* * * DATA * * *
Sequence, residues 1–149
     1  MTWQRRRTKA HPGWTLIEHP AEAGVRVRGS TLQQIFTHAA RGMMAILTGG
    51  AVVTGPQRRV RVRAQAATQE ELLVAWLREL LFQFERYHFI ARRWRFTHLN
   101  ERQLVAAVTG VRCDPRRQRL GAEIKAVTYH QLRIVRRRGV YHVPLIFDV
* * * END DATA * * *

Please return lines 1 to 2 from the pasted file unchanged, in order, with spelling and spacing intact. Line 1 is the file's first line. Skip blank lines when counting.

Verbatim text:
Sequence, residues 1–149
     1  MTWQRRRTKA HPGWTLIEHP AEAGVRVRGS TLQQIFTHAA RGMMAILTGG